from sky to seed

That night when we forgot to feed the cows on time

During the rare weekend when our head cattle guy heads out of town, cow duties fall on Jon’s shoulders. It’s not exactly a chore he adores.

“All Robert wants to do is play with cows and bulldozers,” Jon likes to say, “And all I want to do is play with hay and tractors.” And just about every other piece of equipment—excavators, bobcats, toolcats, cultipackers—he can get his hands on.

In fact, Jon’s aversion to cattle care is so notorious that it’s a joke well-travelled through this county and the neighboring one. On Saturday morning, Jon placed a t-shirt printing order at our local shop and even the store-keeper was laughing at him. “You’re feeding the cows tonight? Oh lord, they’re going to starve!” he cried.

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So it was a pretty fun joke come true when Jon came flying up the drive just as the sun was setting on Saturday night with two hay rounds in the bed of the truck. He told me to bring some wine. He’d forgotten to feed the cows and it was going to take a while. We had a good laugh the whole bumpy drive out into the field.

A hydraulic lift is used to pick up the rounds and set them on the truck bed. The flatbed’s only big enough to hold two rounds–but as 1,000 pounds a piece, that’s pretty damn impressive. Some of what we feed is wrapped sileage but most of it is just hay that we keep stored in the barn.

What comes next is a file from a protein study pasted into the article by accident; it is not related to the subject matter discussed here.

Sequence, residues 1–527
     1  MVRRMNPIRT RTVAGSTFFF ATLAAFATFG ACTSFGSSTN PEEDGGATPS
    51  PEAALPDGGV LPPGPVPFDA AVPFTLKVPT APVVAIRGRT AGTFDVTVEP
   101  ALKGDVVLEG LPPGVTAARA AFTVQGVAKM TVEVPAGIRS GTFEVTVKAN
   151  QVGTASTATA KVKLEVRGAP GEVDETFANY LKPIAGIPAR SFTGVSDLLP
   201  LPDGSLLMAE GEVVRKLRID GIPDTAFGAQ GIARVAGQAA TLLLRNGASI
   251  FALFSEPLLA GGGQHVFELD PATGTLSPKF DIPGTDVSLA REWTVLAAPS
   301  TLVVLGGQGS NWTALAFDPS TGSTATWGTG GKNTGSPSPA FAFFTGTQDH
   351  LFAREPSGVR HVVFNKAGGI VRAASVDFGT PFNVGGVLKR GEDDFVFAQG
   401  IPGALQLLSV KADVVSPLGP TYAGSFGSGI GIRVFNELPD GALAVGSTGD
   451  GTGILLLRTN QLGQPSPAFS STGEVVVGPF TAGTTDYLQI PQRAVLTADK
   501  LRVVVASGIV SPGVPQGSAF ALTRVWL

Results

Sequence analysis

The cows have 500 acres to graze and it’s been a mild winter. They aren’t hurting for dinner, but they love the sound of that truck barreling across the field. The second we crossed the cattle guard, every cow in sight made a beeline to the top of a hill where Robert usually unrolls the rounds for them.

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It’s funny to watch the cows, all of them, because they act a lot like little kids. All the rounds are exactly the same—smell the same, weigh the same, look the same—but as soon as Jon unrolled a new one, every cow pushed and jostled trying to get a bite of the newer, better stuff.

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Ideally, the cows eat all of it, but if they don’t, they lay in it once they’re full. Keeps them warm, I suppose.

Robert usually feeds the cows in broad daylight, if you didn’t catch that. I always know he’s on his way because the feed truck is so loud, and he comes screaming up the road that passes across the front of the house in full speed. Jon laughed when I told him this. He said, “I don’t blame him. If I had to feed these damn cows every damn day, I’d drive like hell to get through it as fast as possible, too.”

But Jon doesn’t have to feed the cows everyday, and the chore had the sweetness of a novelty for both him and me. “No need to hurry,” he told me. “I’ve got a drink in my hand and my sweetheart at my side.”

It was 8:30 and well past dark when we finished. I say “we” but I didn’t do anything. Kept Jon company and drank my wine and looked at the stars. Watched a meteor streak across the sky and wished for peace and happiness, only to find myself in the middle of it, right in my own life, warm and happy as a cow sitting in hay.

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